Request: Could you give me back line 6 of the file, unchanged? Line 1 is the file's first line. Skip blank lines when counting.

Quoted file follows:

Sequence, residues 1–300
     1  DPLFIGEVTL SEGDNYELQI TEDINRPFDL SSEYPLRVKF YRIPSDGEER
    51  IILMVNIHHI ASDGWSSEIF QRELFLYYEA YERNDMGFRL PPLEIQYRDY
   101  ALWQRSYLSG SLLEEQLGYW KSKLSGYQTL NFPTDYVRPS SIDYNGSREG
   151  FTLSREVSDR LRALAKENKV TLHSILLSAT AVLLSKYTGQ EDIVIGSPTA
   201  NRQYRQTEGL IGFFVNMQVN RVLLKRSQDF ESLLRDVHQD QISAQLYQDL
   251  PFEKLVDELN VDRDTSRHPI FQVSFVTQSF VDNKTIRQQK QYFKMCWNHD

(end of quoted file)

   201  NRQYRQTEGL IGFFVNMQVN RVLLKRSQDF ESLLRDVHQD QISAQLYQDL